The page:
China To Consider Ending One Child Policy

(image provided by china-mike.com, available here)

 

Recent reports out of China have revealed a trend which may have dire consequences for the Chinese, and the world, economy.  Although the Chinese economy is currently growing faster than anticipated, its workforce is steadily declining.  In 2012, the country’s working age population – men and women between the ages of 15 and 59 – fell by 3.45 million people to 937.27 million.  Statistically this is only a small percentage; however, many view it as a foreshadowing of problems that are on the horizon.  As the workforce declines, it increasingly puts China at risk of being in a position where the country will have too many dependents and not enough workers to support them.  In other words, young Chinese people without siblings – not everyone’s an only child, since the one-child policy has some exceptions – will have to support as many as four grandparents and two parents in their old age. For the economy as a whole, there will be far fewer workers to produce the goods and services for a still mammoth population.

Granted, no one knows for sure if this worst case scenario will come true, and there are still measures the Chinese can take to alleviate the problem before it gets out of hand.  For instance, one example includes turning to immigration.  Historically, China has been a supplier of workers to the rest of the world, but as it ages the flow could reverse and the country might seek to recruit immigrants from neighbors like India, the Philippines, and Indonesia, which have large and relatively younger populations. China, however, like Japan, might find it hard to integrate or accept large numbers of foreigners in its midst.  Thus, this quick fix would probably only be short term.  Nonetheless, it could serve to bridge the gap of the nearly 20 years it would take for babies born now to enter the workforce.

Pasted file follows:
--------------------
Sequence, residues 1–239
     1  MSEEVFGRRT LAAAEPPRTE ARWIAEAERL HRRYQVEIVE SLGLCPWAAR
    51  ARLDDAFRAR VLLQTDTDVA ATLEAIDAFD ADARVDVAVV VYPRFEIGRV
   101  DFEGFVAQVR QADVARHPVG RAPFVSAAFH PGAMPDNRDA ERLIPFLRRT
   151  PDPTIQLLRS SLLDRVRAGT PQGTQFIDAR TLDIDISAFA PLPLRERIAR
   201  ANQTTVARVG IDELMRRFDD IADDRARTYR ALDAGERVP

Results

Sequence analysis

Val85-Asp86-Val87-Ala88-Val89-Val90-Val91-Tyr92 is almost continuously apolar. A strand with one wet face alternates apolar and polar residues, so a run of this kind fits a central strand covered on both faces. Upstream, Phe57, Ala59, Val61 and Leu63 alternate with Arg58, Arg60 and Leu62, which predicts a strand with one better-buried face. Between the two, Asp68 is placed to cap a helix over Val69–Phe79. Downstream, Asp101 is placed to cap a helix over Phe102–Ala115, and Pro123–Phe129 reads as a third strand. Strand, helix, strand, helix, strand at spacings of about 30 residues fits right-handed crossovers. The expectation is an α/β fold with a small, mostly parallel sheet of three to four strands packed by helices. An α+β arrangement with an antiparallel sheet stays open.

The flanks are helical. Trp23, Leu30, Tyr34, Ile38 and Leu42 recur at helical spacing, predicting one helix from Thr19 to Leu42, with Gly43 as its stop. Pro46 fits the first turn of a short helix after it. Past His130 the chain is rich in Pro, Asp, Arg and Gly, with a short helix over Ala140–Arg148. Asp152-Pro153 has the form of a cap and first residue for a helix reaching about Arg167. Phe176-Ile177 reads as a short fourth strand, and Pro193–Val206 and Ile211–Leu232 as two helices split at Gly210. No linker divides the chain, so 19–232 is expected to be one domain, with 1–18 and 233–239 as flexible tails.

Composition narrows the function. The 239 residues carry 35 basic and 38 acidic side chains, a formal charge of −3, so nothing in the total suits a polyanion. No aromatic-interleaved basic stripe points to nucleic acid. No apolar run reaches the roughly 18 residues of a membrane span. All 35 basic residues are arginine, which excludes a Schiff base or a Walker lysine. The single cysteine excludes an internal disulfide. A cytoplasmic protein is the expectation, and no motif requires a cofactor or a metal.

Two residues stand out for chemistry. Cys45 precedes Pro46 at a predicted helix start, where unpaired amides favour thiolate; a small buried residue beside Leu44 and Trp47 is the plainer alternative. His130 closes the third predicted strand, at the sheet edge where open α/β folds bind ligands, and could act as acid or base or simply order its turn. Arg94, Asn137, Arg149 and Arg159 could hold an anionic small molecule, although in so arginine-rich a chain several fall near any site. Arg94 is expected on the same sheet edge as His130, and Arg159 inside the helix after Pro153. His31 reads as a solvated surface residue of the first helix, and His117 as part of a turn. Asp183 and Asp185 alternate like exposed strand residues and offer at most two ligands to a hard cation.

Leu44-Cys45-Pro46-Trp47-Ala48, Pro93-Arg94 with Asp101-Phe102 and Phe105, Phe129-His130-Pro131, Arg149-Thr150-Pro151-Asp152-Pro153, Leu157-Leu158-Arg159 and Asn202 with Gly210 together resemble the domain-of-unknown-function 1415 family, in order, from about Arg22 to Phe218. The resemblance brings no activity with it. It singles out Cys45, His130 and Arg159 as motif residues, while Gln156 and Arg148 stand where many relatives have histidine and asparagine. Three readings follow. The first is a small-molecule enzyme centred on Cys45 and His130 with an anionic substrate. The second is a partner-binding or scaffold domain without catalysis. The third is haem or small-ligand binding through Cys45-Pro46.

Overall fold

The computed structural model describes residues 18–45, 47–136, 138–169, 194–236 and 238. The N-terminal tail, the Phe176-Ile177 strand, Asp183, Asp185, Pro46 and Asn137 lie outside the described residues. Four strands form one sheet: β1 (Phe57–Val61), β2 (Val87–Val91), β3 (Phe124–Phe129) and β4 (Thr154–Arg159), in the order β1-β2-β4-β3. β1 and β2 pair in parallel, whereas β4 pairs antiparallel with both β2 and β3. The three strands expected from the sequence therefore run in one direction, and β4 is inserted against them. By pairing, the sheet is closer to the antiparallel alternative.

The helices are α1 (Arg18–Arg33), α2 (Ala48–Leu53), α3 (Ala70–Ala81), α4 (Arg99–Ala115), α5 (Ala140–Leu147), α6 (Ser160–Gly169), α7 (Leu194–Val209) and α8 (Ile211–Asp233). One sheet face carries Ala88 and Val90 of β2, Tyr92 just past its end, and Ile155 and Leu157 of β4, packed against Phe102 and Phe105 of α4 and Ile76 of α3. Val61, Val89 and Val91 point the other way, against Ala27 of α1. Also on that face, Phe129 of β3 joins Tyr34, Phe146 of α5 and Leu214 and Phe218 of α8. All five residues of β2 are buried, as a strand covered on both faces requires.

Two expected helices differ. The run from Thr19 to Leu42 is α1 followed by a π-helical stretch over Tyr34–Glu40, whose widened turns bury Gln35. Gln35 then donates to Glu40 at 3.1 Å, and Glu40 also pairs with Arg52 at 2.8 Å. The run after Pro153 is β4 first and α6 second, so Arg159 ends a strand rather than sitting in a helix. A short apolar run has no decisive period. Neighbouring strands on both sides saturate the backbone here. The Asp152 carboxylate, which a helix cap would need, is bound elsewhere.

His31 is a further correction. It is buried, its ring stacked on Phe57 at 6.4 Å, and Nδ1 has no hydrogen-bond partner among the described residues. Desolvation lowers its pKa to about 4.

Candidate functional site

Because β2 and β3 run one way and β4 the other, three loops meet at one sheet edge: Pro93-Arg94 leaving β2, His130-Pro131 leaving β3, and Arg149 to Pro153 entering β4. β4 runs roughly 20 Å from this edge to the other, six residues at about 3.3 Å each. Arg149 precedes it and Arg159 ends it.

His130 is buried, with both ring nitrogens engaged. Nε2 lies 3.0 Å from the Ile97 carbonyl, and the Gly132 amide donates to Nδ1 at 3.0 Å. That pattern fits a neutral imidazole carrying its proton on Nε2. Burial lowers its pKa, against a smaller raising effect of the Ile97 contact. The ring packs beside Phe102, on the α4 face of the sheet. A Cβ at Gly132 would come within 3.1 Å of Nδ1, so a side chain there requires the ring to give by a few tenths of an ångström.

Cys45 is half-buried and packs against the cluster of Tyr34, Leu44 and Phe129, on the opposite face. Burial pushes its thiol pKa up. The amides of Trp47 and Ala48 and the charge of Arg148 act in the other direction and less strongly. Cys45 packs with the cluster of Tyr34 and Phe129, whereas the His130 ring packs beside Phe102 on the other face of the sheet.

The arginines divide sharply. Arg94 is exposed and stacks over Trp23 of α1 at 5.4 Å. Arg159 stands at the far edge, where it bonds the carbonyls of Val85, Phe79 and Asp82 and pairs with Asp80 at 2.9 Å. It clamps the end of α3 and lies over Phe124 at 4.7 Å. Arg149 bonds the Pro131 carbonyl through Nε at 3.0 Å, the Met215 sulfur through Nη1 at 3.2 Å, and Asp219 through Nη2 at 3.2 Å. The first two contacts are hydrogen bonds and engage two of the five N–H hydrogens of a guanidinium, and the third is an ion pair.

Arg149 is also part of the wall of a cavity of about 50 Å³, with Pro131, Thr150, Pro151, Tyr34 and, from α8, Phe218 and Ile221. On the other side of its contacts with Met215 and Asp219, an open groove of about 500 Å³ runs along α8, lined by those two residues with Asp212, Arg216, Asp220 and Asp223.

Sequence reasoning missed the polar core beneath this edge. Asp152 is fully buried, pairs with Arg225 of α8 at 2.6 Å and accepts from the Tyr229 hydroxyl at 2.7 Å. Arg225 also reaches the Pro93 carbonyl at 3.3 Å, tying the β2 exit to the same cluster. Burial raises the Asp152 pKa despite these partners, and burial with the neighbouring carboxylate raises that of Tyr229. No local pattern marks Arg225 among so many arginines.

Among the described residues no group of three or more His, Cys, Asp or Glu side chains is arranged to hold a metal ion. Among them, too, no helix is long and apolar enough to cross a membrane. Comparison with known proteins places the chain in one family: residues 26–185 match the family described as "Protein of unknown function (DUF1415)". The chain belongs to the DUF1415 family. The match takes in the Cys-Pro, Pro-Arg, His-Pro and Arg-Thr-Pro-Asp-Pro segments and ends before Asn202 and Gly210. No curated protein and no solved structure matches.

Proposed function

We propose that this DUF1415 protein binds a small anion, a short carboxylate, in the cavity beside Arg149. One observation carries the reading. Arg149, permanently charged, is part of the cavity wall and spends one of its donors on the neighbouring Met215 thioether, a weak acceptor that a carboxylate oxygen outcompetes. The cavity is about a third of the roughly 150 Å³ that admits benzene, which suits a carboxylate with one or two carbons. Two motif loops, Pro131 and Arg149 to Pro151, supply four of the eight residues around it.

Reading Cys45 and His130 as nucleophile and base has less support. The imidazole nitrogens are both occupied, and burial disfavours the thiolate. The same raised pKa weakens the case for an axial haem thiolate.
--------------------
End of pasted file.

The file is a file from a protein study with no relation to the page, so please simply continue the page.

The declining workforce is only one reason to scrap the one child rule.  There are moral reasons as well.  It represents an invasion of privacy that leads to hardship and trauma, including unwanted abortions or sterilization. Some China experts are hopeful that China’s next president, Xi Jinping, is a reformer who will support more liberal policies. They hope one of the first changes he undertakes is to get rid of the one-child rule.

In your opinion, will China seriously entertain changing a law that has been on its books since 1979?  If so, do you see it having the effect this article claims it will?  What happens to the economies of countries that outsource much of their manufacturing to China if the Chinese workforce continues to decline?

 

SOURCE:  Will China Have to Abandon Its One-Child Rule?

3 comments

  1. China has been projected to take over the number 2 spot in the world’s largest economies in the next decade or so. Based on the data featured in this article, however, that might be in doubt. If the workforce declines, this may have a huge impact not only on the domestic affairs of China but also the world’s. China is a huge source of workers, as Joe noted, so companies such as Nike and Apple, which utilize Chinese factories and workers, might have to find new places to build their products. This would lead to a dramatic impact on the Chinese economy.